Fallout: The Financial Crisis

Did Geithner do right by AIG?

Marketplace Staff Nov 17, 2009
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Fallout: The Financial Crisis

Did Geithner do right by AIG?

Marketplace Staff Nov 17, 2009
HTML EMBED:
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TEXT OF INTERVIEW

Kai Ryssdal: The facts before us, ladies and gentlemen, are these. In the hustle and bustle of last fall, the federal government spent billions of dollars bailing out AIG. Some of those billions went straight to companies with whom AIG had made, in essence, side deals. A report out today from the TARP Inspector General Neal Barofsky says the government didn’t do all it could to save taxpayers’ money on those deals last fall. Facts, though, are nothing without a little bit of context. And for that, we turn to our senior editor Paddy Hirsch. Hello Paddy.

PADDY HIRSCH: How are you doing?

Ryssdal: I’m all right. Listen, do me a favor and take us back to those days and remind us what the beginning of this story is.

HIRSCH: All right, I’ll take you back to September 15, last year, that’s when Lehman Brothers collapsed. The next day AIG looks like it’s about to go under. And the government steps out with a big, fat $85-billion bailout. Essentially the same problem. It was a money problem. Lehman Brothers didn’t have enough money to operate, it couldn’t get enough money in the door. AIG didn’t have enough money to pay out the door, it needed to pay people for these contracts that it had written, and it just didn’t have the cash on hand.

Ryssdal: These credit default swaps that we all heard so much about.

HIRSCH: Exactly, these are the credit-default swaps. This animal, this type of insurance contract that AIG had written, and because of the way that the contract was written, if certain things happened like AIG’s credit rating fell, or the underlying securities credit rating fell, or they fell in the market, AIG had to pony up more cash to the banks that had asked for the insurance, and it had to keep on paying that money out. And it looked like it just wasn’t going to have enough money to be able to operate.

Ryssdal: So what happened between the day of that bailout and then November-ish when the New York Federal Reserve gets heavily involved?

HIRSCH: Well, you know the New York Fed was involved from the very beginning there because it came up with that $85 billion. So essentially Tim Geithner, who was then the head of the New York Fed, had to go out to the banks and sort of work out a deal. It had to say look, the best thing that we can do in order to solve this for AIG is to buy all the underlying securities. And so, can you guys help us with that? Can you cut us a deal? Because we’ve got this huge systemic problem, can you shave a little bit off the price there?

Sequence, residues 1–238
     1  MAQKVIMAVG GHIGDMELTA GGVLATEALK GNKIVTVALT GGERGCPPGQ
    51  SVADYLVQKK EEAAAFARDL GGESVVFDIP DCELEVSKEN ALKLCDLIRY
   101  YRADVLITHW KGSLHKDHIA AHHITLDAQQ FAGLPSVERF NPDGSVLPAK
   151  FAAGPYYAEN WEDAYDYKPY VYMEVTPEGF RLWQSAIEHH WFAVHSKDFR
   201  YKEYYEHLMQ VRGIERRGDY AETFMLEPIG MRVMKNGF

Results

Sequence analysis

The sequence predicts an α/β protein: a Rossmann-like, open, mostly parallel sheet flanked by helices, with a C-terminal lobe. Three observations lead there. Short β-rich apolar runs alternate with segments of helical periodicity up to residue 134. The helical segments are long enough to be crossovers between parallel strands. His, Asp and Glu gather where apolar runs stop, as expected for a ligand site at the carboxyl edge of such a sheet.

Ryssdal: And?

HIRSCH: And they said no.

Ryssdal: And that is the point of Barofsky’s report today. That the government just drove itself a bad, bad deal.

HIRSCH: Yeah, he said that basically Geithner should have negotiated better with the banks that he was dealing with.

Ryssdal: But help me out here. Geithner was the regulator for these banks. And this is Barofsky’s point. Couldn’t he just have gone to the banks and said, “hey, I’m in charge here, you will do this.”

HIRSCH: He had a couple of options. The first thing he could have done is say, look, if you guys don’t play ball with us, we’re just going to let AIG collapse, and then you’re going to lose all your money. But of course, he just bailed AIG out to the tune of $85 billion, and everybody knew that that wasn’t going to happen. So that was moot. The second option that he could have taken was to say look, I’m your regulator and unless you help me out and cut me a discount, I’m going to wave the big stick, and I’m going to hurt you somewhere down the line, you’re going to owe me, and you’re going to hurt if you don’t help me out now. But of course, if he had done that, we would be sitting here in a postmortem however months later, saying, eww, abuse of power, eww, terrible thing.

Ryssdal: Well, here we are now 14 months later doing a postmortem, what does this report tell us then?

HIRSCH: I think the report tells us actually that Barofsky feels quite sorry for Geithner. He kind of makes the point that all of Geithner’s protestations about why he couldn’t front up to the banks were actually pretty valid. And I think the one point that he does make quite lightly, but quite significantly, is that the Treasury and the Fed when they first got involved in this problem looked only at the private market for a solution. And then it turned out that the private market failed, and they needed to go to the public market. And I’m hoping that what will happen is that they’ll look at this situation in the future, and they’ll say, look we need a solution for both sides. We can’t just depend on the market. Sometimes the government’s going to have to step in, and if that’s the case, we need a template to make it happen properly.

Ryssdal: And just to take it out a little bit wider for a second, this is part of that broader financial regulation restructuring, right? As Congress thinks about banks that are too big to fail, and the whole regulatory oversight. This is all part of that.

HIRSCH: It is indeed. And you know, hopefully the people who are writing this legislation will take a good, close look at the front end of Barofsky’s report and draw the lessons from that. Because Geithner’s problems with the banks, and the criticisms that stem from that, all stem from this first problem that they went to the private market first, and they didn’t have a solution for a public solution.

Ryssdal: Our senior editor, Paddy Hirsch. Thanks, Paddy.

HIRSCH: It was a pleasure.

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